GRC Podcasts

On China'sNew Silk Road


Join host Mary Kay Magistad as she explores how China’s New Silk Road may change the world. Dozens of countries have invited China to build roads, railways, ports, 5G networks, and more. How is China’s global ambition seen around the world and what impact are its investments having on the ground? Over nine episodes, Mary Kay, a former China correspondent for NPR and PRX’s “The World,” partners with local journalists on five continents to uncover the effects of the most sweeping global infrastructure initiative in history.

From the Global Reporting Centre, “On China’s New Silk Road” launched on September 2, with new episodes dropping every Wednesday. Listen to the trailer below or subscribe now via Apple, Spotify, Google, Stitcher, Castbox, Overcast, Deezer, RadioPublic, or iHeartRadio.

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For a list of reporters and contributors to this project, please visit this page.



Ethiopia and the Road Ahead

Chinese investment in Africa has built roads, railways, dams, and more, spurring new interest and competition from other global investors. Critics say China’s too often exploitative, including with loans that leave some countries too deeply in debt. But its investments helped famine-prone Ethiopia become one of the world’s fastest growing economies. Now, however, civil strife is putting that success at risk, for both Ethiopia and China.


The Other Asian Giant: India

China is one of India's top trading partners, but India has chosen not to be part of China's New Silk Road. It's not wild about a future in which China leads Asia, much less the world. Instead, India's offering its own investments and vision of a more multipolar world. And with Chinese and Indian troops in a tense stand-off on their contested border, India's strengthening its ties with the US, Japan, Australia and others, to counterbalance China's influence.


China’s Digital Silk Road

China is fast becoming a global leader in cutting edge technologies—such as AI, facial recognition, surveillance, and 5G—and is exporting them worldwide. Fans like the high quality and low cost. Critics say China’s technology enables authoritarian control and increases dependence on an autocratic state. They call for democracies, including the U.S., to work together to create a tech ecosystem that protects privacy and freedom of speech.


China’s Arctic Ambition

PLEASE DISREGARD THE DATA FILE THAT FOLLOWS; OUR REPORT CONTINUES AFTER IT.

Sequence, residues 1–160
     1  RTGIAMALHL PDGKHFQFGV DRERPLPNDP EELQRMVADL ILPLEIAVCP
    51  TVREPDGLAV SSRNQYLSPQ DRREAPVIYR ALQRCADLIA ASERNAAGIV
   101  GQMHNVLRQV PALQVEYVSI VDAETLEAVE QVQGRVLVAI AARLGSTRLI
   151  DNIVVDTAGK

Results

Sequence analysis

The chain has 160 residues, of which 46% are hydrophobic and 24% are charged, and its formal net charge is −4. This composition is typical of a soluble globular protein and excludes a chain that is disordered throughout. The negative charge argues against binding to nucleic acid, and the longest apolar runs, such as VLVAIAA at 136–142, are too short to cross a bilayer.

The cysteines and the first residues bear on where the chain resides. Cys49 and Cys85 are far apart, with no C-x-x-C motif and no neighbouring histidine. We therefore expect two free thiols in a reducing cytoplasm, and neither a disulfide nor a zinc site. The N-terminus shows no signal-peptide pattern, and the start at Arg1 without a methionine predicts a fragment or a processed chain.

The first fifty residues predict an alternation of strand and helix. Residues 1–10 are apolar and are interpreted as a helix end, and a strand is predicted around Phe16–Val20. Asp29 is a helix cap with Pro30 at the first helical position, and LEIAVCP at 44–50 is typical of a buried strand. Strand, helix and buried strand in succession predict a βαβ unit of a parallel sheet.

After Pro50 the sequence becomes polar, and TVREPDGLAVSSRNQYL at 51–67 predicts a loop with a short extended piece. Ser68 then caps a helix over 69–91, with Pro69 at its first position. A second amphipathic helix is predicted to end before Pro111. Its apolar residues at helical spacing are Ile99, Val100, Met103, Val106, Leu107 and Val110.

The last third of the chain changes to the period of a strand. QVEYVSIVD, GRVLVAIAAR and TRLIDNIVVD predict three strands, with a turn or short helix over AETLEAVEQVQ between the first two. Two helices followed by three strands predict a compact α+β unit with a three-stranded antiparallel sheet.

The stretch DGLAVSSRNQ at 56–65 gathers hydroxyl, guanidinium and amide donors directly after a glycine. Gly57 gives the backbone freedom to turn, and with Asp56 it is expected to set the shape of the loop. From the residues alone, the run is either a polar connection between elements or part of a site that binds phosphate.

China’s leaders see climate change as an opportunity in the Arctic, where a new shorter trade route is emerging as ice melts. With its Polar Silk Road, China is targeting access to rare earths, uranium, fish stocks, oil, gas—and the strategic benefits of having a presence in the Arctic. China’s initiative has revived U.S. interest in the region and stoked concerns over an ambitious rising power.


China in America’s Backyard: Panama & Mexico

Many Latin American countries have joined China’s New Silk Road, including Panama, where Chinese companies now manage ports on both ends of the Panama Canal. As Mexico considers whether to join, some countries in the region are facing heavy pressure from the Trump Administration warning them not to get too close to China. Still, China's investments and loans are seen by many leaders as a way to help their economies.


Rough Seas: Malaysia, Cambodia & Thailand

Southeast Asian countries have long managed a complex relationship with China—the region’s biggest trading partner and powerful neighbor. The New Silk Road promises opportunities for economic growth, but at what cost? With China increasingly enforcing its disputed claims to the South China Sea with its military, many Southeast Asians are wary the New Silk Road will help China strengthen its ability to project its power in the region and beyond.


Old World, New Silk Road: Italy & Europe

Italian populists—skeptical of the value of EU membership—drove Italy to become the first G7 country to join China’s New Silk Road amid pushback from Europe and the US. Italians hoped this would boost their exports to China and increase Chinese investment in Italy. But not much happened. Then came the pandemic, and generous EU aid, leaving Italians to reassess who their real friends are, and how best to help their economy.


Paving the Old Silk Road: Kazakhstan & Central Asia

For centuries, Kazakhstan—situated on the overland route from China to Europe—has played an important role in global trading. Some Kazakhs are optimistic the New Silk Road will ultimately boost their country's economy, but others are wary of China's growing influence in the region, especially in light of its detention of Muslims in neighboring Xinjiang province. As a former Soviet republic that shares borders with both Russia and China, Kazakhstan looks to safeguard its independence as it negotiates a new relationship with China.


The China Dream

Chengdu is one of China’s fastest-growing cities, thanks to major investments in infrastructure. Now China’s taking its success at home on the road, promising that infrastructure done well can transform people’s lives around the world. Starting in Chengdu, a stop on both the ancient Silk Road and the new one, this episode looks at how China's effort to create what it's calling a "community of shared destiny" is building on its recent—and extraordinary—economic transformation within its own border.